Building the Metaverse: How South Korea Made a Winning Blueprint for Infrastructure

South Korea aims to jump seven places in the metaverse market to become the fifth largest by 2026.

Purple sculpture of a woman robot being built.
  • South Korea’s gaming market is valued at $18.3 billion and has been growing consistently since 2007.
  • The country is pushing for a stronger presence in the metaverse space as part of its Digital New Deal 2.0 initiative.
  • The goal is to become the fifth-largest metaverse market by 2026 and create 1.5 million jobs.

South Korea aims to jump seven places in the metaverse market to become the fifth largest by 2026 as part of its Digital New Deal 2.0 initiative. The metaverse is projected to create 1.5 million jobs and produce over 40,000 experts to boost the country’s position in the global market. Science and ICT Minister (MSIT) Lim Hyesook sees the Metaverse as a new and exciting digital frontier with unlimited potential. 

Looking to tap into this potential, the government is investing 223.7 billion won (worth approximately $177.1 million USD) into the space. With this investment, the government hopes to bring new opportunities and innovation to the metaverse.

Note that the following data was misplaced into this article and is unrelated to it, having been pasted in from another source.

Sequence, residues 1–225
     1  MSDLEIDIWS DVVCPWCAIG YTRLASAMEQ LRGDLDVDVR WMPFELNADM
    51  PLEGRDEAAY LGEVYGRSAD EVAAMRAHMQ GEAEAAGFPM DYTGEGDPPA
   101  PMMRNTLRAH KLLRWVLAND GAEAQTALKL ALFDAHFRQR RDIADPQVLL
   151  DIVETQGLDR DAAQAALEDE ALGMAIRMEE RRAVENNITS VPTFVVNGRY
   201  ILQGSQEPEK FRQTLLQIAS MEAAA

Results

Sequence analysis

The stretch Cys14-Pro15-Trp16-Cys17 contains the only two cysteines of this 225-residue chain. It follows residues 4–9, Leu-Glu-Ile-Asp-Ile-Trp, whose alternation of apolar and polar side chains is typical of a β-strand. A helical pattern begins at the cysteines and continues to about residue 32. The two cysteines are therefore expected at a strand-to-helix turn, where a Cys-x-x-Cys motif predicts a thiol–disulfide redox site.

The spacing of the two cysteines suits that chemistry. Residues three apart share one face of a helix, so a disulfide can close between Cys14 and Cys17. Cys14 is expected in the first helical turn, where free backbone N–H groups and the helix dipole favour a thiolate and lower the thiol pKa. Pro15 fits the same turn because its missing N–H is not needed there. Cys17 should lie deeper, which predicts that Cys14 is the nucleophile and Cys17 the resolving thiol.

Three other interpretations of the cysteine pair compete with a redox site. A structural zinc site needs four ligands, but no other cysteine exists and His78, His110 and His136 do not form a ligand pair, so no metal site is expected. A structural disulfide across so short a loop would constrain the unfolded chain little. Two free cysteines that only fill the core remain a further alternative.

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Currently, there are 400 million monthly active users in the Metaverse. The largest chunk comes from Roblox, with 230 million users, followed by Minecraft at 165 million. This figure indicates the growing popularity and potential of the Metaverse as a new platform for innovation and growth.

To explain why the Metaverse has received so much support in South Korea, it is important first to understand the country’s rich history of adopting nascent technologies, particularly those that have typically been culturally frowned upon, such as gaming.

The open-mindedness of South Korea towards innovative technologies, including cryptocurrencies, has encouraged market players to view the country as a potential global leader in the metaverse gaming industry through crypto-based games. This is strongly due to the cultural approach and infrastructure introduced by the country’s Esports industry.

Esports is competitive video gaming, typically organized as multiplayer contests between professional players or teams. Esports may be Korea’s biggest advantage as the country looks to push itself to the forefront of the metaverse, according to a road map shared by the country’s Ministry of Science and Information and Communications Technology

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South Korea is known for its early adoption of new technologies like cryptocurrencies and Play-to-Earn games, even despite regulatory restrictions. It has one of the biggest gaming industries in the world.